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Is There Gender Bias In Custody Hearings?

Divorcing couples face numerous challenges when ending a marriage in Arkansas. In matters centering on the children, however, fathers have historically been worried about gender bias in the courtroom. Their only interest is getting time with their children, not having to fight a system set up to give the children to one parent regardless of the situation.

The good news is that today's judicial system is not biased in the way it may have been in the past. Historically, you might have seen more mothers walking away with custody, even though it was fathers who would be better caregivers. In some cases, even when shared custody was acceptable, judges would still rule in the favor of the mother.

Today, that's not how it is. The courts are not inherently biased when it comes to custody decisions. In many circumstances, there are statistics that might favor a mother gaining custody, but every situation is different. The courts must carefully examine numerous factors from earning potential to familial support to the wishes of the children. There is no single factor that outweighs the others, so it is crucial for each parent to present themselves in the best light possible.

What can you do if you want to obtain custody?

Regardless of your gender, the best way to obtain the custody arrangements that you want is to provide evidence about why that plan is the best for your children. For example, if you want to share custody because you and the other parent have alternating work schedules, the judge would likely also be in favor. Similarly, if you are a stay-at-home father, they'd likely support the continued wish to be the primary custodian while the mother has visitation when she is not working.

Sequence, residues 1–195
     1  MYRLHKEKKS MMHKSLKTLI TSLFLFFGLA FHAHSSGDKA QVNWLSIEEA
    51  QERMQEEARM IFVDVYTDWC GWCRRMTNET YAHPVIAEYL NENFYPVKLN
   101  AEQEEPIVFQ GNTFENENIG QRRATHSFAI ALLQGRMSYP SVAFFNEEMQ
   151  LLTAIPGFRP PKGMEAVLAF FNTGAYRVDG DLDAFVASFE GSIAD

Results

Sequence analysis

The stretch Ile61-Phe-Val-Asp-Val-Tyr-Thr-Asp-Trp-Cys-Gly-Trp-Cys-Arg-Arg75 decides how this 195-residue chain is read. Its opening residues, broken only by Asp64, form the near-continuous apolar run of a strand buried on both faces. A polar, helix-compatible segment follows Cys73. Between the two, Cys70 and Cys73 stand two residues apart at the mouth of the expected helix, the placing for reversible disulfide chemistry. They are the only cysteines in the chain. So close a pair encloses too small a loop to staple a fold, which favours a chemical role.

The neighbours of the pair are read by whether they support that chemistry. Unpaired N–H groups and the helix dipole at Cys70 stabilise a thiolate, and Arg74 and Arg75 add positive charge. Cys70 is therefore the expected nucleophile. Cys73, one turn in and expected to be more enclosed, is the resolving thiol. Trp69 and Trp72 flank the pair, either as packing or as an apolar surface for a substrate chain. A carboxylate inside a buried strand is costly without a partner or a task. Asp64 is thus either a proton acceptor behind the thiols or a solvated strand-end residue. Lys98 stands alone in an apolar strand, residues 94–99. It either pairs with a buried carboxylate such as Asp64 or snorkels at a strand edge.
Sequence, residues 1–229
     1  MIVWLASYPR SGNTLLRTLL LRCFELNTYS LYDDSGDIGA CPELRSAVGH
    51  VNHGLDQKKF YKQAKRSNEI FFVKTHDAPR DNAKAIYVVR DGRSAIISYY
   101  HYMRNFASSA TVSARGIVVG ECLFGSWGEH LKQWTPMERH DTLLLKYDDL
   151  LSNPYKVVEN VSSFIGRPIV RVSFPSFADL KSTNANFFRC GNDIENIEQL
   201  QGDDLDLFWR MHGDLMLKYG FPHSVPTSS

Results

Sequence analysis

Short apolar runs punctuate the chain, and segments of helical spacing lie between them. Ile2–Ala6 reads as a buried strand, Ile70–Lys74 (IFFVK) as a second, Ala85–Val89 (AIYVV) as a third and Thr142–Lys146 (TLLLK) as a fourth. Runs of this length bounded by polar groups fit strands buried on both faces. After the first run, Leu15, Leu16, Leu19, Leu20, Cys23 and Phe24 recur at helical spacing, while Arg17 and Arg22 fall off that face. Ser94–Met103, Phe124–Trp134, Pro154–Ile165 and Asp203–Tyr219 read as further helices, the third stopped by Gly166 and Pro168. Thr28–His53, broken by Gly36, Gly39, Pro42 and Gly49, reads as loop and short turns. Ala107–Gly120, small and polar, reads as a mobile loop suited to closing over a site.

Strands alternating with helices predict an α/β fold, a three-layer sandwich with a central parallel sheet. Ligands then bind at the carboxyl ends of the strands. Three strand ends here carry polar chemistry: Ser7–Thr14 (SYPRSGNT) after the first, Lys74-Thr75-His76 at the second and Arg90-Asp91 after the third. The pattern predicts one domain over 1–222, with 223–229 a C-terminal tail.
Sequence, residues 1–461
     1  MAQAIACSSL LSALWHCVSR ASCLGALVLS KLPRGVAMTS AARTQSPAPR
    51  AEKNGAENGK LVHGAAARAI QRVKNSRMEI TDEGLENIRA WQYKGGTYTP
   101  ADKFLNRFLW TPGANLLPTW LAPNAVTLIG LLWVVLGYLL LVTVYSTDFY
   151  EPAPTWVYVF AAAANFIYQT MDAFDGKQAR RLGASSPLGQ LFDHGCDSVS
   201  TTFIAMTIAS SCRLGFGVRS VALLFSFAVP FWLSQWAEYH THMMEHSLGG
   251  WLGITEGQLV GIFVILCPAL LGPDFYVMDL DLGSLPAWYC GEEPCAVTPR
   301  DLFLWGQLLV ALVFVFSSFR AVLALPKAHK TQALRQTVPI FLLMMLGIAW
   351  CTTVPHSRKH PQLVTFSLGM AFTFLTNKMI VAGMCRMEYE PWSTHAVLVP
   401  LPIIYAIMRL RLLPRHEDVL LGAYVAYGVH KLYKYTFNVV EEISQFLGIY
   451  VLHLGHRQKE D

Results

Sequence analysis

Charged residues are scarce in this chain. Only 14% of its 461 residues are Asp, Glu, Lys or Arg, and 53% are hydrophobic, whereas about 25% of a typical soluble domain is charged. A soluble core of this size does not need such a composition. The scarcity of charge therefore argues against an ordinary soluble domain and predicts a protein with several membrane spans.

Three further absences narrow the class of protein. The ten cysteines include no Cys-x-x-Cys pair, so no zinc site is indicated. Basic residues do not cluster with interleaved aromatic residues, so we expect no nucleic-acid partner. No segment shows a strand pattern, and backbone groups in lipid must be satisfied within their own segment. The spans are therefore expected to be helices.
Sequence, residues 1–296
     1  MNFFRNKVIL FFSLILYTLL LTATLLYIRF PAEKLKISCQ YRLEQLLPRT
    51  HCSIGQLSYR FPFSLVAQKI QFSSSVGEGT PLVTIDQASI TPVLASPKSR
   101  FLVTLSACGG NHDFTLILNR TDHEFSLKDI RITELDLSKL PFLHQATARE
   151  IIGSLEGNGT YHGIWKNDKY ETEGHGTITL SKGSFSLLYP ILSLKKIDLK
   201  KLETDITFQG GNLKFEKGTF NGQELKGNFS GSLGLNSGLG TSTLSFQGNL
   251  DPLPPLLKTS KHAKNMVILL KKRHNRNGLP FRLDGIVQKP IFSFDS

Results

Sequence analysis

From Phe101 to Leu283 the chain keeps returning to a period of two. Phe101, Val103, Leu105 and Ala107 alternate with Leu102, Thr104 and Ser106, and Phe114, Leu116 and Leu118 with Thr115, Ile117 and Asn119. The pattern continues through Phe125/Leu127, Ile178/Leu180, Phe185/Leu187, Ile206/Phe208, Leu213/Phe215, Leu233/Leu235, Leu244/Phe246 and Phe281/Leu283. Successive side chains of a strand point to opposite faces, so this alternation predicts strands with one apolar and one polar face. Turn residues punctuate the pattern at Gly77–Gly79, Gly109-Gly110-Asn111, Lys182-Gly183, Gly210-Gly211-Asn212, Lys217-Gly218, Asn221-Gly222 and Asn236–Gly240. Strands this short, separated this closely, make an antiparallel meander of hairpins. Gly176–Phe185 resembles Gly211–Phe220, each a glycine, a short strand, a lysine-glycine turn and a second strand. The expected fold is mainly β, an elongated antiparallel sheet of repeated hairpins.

Families in America have changed in the last few decades, so there's no question that every custody case has to be looked at independently. Your case will involve much more than just looking at your gender. The court has to look at how your child's life has been and will be when living with either, or both, parents. At the end of the day, the judge's decision is based on what will be best for your child (or children).

Kids come first in custody cases, so do what you can to prepare your evidence and support for custody. If you're working toward your child's best interests, it will show.

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